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Time for Canada to Move on Against the Dutch

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They haven't impressed at this tournament so far, but Canada have done enough to put themselves on the verge of the knockout stages at Canada 2015.

Erich Schlegel-USA TODAY Sports

After the rain clears the sun is supposed to shine brightest, but after a rain delay in Edmonton on Thursday things went a bit dark for the Canadian women's soccer team.

Culminating in a frustrating 0-0 draw with New Zealand, Canada only added to fears that they won't be able to live up to London 2012. While they haven't lost yet at Canada 2015 they have done little to impress either.

After two games, however, here are the facts: no damage has been done yet. Canada's dream of lifting the World Cup trophy on home soil is still alive, and closer than ever before.

Today against the Netherlands the Canadian team needs only a win or a draw to guarantee a place in the knockout stages. A win would mean that they top their group and go into the next round as a top seed.

Like Canada, and everyone else in the tournament's Group A, the Netherlands have been goal-challenged so far, scoring only one and conceding another.

For a team who many considered to be a possible darkhorse going into the competition the Netherlands have yet to really live up to that consideration.

The world number 12 team are in their first World Cup tournament but are coming off  back to back strong performances at the European Championship, and a World Cup qualifying campaign that saw them beat Norway, Scotland and Belgium before overcoming Italy in the playoff final.

A big part of those results had to do with the birth of a star in Vivianne Miedema, the 18-year-old Bayern Munich star who is widely considered "the next one" in the women's game.

Even if Miedema hasn't exactly taken the world by storm in Canada she will still be the most dangerous player on the Dutch team.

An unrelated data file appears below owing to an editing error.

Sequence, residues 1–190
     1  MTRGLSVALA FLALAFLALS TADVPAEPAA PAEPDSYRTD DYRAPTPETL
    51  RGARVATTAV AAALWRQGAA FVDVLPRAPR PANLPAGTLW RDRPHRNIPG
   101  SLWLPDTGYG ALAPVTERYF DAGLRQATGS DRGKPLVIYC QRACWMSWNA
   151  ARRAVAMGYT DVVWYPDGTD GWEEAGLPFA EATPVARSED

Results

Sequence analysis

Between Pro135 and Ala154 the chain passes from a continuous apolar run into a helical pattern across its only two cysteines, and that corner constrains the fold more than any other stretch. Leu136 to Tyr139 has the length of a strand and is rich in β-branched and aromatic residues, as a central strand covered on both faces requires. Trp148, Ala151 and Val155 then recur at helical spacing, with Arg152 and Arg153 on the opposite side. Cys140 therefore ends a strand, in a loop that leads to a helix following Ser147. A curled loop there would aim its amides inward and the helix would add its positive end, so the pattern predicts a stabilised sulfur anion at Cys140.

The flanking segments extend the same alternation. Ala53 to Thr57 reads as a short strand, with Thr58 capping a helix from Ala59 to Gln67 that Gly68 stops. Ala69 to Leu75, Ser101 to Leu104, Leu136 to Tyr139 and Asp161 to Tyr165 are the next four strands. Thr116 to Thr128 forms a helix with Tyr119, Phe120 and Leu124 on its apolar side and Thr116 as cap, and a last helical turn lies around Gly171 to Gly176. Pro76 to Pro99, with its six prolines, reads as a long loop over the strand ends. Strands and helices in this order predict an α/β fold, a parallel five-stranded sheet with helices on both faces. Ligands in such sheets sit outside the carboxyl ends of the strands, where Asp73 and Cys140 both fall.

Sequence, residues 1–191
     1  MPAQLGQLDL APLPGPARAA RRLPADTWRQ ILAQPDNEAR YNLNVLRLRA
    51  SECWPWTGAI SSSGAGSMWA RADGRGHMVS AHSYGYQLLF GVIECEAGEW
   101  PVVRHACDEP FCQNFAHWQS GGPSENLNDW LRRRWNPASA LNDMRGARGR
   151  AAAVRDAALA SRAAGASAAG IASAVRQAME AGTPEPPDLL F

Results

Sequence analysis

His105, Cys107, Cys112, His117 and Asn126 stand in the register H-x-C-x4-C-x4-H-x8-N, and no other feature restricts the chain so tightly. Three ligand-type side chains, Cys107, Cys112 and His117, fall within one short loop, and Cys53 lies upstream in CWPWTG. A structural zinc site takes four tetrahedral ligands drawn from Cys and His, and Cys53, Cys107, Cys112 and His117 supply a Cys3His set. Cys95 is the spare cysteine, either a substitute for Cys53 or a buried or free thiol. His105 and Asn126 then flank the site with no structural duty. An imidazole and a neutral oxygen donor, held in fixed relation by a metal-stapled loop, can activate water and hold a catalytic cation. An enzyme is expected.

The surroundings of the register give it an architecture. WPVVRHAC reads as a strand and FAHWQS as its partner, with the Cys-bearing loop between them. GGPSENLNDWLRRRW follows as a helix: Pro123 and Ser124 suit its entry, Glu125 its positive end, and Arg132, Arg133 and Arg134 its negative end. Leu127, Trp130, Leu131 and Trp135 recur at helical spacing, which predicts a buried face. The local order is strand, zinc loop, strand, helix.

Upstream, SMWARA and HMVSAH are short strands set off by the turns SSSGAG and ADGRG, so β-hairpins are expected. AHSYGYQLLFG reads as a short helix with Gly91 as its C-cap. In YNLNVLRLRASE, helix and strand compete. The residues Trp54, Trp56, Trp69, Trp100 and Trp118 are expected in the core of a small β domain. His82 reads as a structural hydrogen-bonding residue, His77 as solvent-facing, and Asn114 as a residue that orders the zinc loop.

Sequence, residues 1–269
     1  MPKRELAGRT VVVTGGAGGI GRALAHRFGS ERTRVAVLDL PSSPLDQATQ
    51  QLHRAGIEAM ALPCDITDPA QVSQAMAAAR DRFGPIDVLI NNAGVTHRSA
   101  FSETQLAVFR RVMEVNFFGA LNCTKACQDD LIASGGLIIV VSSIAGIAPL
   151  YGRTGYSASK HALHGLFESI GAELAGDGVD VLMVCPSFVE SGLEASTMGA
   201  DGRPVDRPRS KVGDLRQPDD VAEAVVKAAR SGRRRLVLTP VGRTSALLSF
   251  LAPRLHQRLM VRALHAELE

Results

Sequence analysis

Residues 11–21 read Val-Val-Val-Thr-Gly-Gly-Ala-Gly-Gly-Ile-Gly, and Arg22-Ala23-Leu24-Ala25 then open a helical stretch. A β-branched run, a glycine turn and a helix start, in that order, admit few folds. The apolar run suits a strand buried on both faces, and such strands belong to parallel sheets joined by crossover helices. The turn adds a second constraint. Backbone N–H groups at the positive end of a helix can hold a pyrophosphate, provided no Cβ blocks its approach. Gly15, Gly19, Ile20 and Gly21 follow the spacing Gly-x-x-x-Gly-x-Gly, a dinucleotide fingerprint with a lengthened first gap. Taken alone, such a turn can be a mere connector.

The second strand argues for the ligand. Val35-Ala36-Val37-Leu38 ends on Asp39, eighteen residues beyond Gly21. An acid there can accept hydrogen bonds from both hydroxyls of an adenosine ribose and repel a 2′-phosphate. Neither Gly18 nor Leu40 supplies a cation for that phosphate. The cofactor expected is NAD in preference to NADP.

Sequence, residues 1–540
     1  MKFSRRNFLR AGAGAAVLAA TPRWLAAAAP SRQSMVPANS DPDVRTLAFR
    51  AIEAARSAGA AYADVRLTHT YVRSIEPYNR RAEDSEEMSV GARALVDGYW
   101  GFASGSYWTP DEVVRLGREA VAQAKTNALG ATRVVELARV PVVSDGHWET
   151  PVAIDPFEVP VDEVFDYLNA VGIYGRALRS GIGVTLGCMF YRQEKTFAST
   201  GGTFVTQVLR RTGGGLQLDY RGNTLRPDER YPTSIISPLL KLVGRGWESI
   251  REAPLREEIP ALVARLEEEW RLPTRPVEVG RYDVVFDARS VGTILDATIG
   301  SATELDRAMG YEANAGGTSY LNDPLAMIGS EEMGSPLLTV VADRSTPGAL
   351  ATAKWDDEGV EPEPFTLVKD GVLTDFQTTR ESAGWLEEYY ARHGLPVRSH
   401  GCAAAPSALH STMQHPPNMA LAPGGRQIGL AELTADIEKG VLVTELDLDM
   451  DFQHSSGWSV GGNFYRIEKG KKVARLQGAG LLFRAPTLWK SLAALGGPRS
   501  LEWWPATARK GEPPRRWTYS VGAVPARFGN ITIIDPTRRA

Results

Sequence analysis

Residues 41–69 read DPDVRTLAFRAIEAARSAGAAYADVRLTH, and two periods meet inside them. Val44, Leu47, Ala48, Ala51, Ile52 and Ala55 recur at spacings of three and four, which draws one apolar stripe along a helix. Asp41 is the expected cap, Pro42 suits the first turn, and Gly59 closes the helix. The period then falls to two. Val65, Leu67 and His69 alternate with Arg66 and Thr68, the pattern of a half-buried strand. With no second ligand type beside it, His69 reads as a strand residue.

This match will be intriguing, as it is both a proving ground and a must win game on both sides of the field for two teams who haven't had a great start to the competition.

For the Dutch, as aforementioned, this game will be about sending a message that this tournament will in fact be their step into the spotlight of the women's game.

There is perhaps no better opponent for them to do this against than the Canadians, the team with potentially the most media coverage in the competition.

For the Canadians, it is about moving on both in the literal and figurative sense. The team's first two games of the competition were underwhelming, but if they can win tonight those games will quickly be forgotten.

It's not like Canada have been outright dreadful so far this tournament, mostly they have just been frustrating. They let both China and New Zealand off the hook far more than either of those countries deserved credit to wriggle away.

In both games the Canadian team has at least given themselves the opportunity to dictate the game even if numerous errors have meant they have dictated very little so far.

But it's not like that many other teams in this tournament have impressed out of the gate so far at Canada 2015. Only Japan and Brazil have more points than Canada, and both have had their fair share of underwhelming moments.

The Swedes and the Americans drew 0-0, and USA has needed brilliant goaltending from Hope Solo to stay undefeated so far. The Germans were stunned by a late equalizer against Norway, while the team many picked to win Canada 2015, France, lost to Colombia in the surprise of the tournament.

If nothing else this year's tournament has proven that the giants can be taken down, something that works in Canada's favour if they can reach the knockout stages today. While the Canadian team hasn't looked like world beaters yet, one doesn't always have to look the part to surprise the world.